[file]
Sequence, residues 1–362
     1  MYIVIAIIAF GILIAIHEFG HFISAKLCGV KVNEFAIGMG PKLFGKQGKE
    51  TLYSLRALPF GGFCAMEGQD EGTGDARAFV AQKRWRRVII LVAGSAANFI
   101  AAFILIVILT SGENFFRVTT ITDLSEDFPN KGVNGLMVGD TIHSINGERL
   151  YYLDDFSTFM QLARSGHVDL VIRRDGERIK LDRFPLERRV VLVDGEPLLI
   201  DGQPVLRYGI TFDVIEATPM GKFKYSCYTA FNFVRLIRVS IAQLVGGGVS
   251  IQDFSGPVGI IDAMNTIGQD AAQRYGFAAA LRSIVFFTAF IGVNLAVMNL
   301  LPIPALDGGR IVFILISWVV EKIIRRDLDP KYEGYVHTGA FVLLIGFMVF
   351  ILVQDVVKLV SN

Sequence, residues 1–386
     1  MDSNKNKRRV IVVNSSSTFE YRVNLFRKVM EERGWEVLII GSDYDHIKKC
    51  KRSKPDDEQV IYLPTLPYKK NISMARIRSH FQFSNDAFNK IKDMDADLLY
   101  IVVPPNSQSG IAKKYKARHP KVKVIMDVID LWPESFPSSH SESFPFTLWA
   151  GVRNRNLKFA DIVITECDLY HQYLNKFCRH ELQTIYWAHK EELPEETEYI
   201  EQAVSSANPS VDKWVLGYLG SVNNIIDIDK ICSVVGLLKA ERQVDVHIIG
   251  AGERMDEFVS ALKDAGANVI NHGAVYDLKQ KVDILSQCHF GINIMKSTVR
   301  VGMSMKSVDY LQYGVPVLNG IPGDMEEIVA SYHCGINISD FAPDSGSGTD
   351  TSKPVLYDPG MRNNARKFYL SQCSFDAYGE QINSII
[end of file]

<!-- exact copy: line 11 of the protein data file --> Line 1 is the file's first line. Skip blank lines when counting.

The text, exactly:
     1  MDSNKNKRRV IVVNSSSTFE YRVNLFRKVM EERGWEVLII GSDYDHIKKC